Leather and Laser Engraver Machines
Leather is nearly as old as mankind itself. Early man first utilized dried animal hides as clothing and shelter in prehistoric times. Globally, leather has continued to be one of the go-to materials for fashion and upholstery purposes due to its appealing look and feel. Different types of leather exist for specified purposes, yet all are known for being durable, recyclable, and versatile.
Today, more and more leather products are finished with unique designs and patterns via laser engraving. This engraving adds an extra touch of customization and style to improve the overall aesthetics of leather, not to mention making it more marketable. This brings us to leather laser engraving, a cost-effective method of embossing any design to a leather accessory. You can also cut leather with a laser engraver. Let’s look at laser engraving leather from top to bottom to help you understand the whole process in a matter of minutes.
What Types of Leather Can You Laser Engrave?
This type of leather is man-made and is sometimes referred to as faux leather. This leather is made from synthetic fiber such as polyurethane (PU) or Polyvinyl chloride (PVC) compounds and coated with plastic polymer. Synthetic leather is commonly used in vehicles and for clothing material. It gives the look of natural leather on the outside, when in fact, it is not made from animal hide or skin.
Suede leather is made from the underside of animal hide and is known for its comfort and visual appeal. It is popularly used for jackets, shoes, bags, and wallets. Due to its softness, take careful measures when engraving and laser cutting leather to avoid any tear or stain. To prevent staining, you can use a coat spray to improve its stain resistance.
This is the purest form of leather in its most natural state. Since this type of leather is extracted from different types of animals, its response to laser engraving may vary, so there's no laid down rule. But a general precaution is to reduce the laser power and test run with a small piece of your leather material until you get the desired engraving quality.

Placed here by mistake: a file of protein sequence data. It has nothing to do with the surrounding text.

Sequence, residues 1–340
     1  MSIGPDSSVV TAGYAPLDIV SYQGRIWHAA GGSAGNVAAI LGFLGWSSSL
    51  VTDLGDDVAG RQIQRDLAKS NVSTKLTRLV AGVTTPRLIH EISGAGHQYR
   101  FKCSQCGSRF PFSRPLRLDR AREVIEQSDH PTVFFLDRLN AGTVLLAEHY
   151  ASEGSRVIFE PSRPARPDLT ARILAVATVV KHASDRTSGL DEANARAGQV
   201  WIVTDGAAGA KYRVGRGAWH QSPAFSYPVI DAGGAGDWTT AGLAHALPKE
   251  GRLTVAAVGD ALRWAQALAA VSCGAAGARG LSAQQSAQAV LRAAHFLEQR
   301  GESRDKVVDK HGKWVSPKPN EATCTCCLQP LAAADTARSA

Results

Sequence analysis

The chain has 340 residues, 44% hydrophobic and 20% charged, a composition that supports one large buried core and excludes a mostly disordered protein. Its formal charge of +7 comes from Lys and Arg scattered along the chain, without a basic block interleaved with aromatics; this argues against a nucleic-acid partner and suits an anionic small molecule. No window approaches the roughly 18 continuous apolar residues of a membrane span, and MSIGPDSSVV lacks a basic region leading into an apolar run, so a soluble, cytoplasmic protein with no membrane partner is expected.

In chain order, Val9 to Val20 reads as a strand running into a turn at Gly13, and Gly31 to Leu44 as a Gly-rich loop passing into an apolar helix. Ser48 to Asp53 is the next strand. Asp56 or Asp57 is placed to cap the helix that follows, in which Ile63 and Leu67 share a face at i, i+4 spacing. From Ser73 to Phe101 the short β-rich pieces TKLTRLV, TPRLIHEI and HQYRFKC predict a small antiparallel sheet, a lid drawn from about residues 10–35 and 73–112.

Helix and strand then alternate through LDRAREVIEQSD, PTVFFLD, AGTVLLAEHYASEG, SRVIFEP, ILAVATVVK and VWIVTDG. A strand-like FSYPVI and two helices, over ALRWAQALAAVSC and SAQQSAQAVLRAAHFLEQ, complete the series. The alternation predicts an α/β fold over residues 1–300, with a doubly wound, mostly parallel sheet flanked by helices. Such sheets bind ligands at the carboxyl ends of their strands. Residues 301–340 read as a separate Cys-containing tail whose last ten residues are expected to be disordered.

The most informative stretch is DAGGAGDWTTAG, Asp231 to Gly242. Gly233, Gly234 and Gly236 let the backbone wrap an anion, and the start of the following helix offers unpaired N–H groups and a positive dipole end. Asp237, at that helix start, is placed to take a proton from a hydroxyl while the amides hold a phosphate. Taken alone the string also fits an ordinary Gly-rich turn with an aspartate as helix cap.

Other Types of Leathers
How to Laser Engrave Leather
Leather is a soft material, so carrying out leather laser cutting or engraving is quite simple and straightforward. Laser engraving on leather is almost as easy as printing a document from your computer. All you need to do is create your design, send the design to the machine, place your leather in the workbed, and begin the lasering process. As straightforward as this may seem, this does not rule out the need to understand the following procedures:
Know your leather
You must be aware of the type of leather you want to engrave on. This includes understanding the power, depth, speed, and probably the number of passes needed. A lot of this has been covered in our Average Parameter Settings. Another precautionary note to take is for leathers that contain PVC compounds. These leathers can risk the user inhaling harmful gases or ruining the metallic part of your laser engraver. Finally, you should also make sure the size of your leather material can fit into the available working area of your CO2 laser engraver.
Design and software set-up
For an OMTech laser engraver, the design should be ready in any of these formats: JPEG, DXF, BMP, HPLG, JPG, DST, GIF; using RDWorks or Lightburn. The design itself can be customized and modified using CorelDRAW or Adobe Illustrator.
You can improve the color contrast of the design by engraving deeper, depending on the color of the leather. Light-colored leathers produce better contrast than dark-colored leather. By doing this, you can take advantage of your leather design and truly stand out as a creator or business.
With all settings tuned appropriately and the leather piece placed inside, you can turn on your CO2 laser engraver and expect your job to be successfully engraved in a matter of minutes. Ensure that you connect an air purifier and fume collector to extract dust and smoke generated due to engraving or cutting to avoid the dust smearing over the main engraving.
Switch off the machine before opening to avoid burns or skin injury.
Use eye goggles to protect your eyes from laser heat and smoke.
Wear a nose mask to protect your respiratory tract from inhaling the bad odor given off during leather cutting.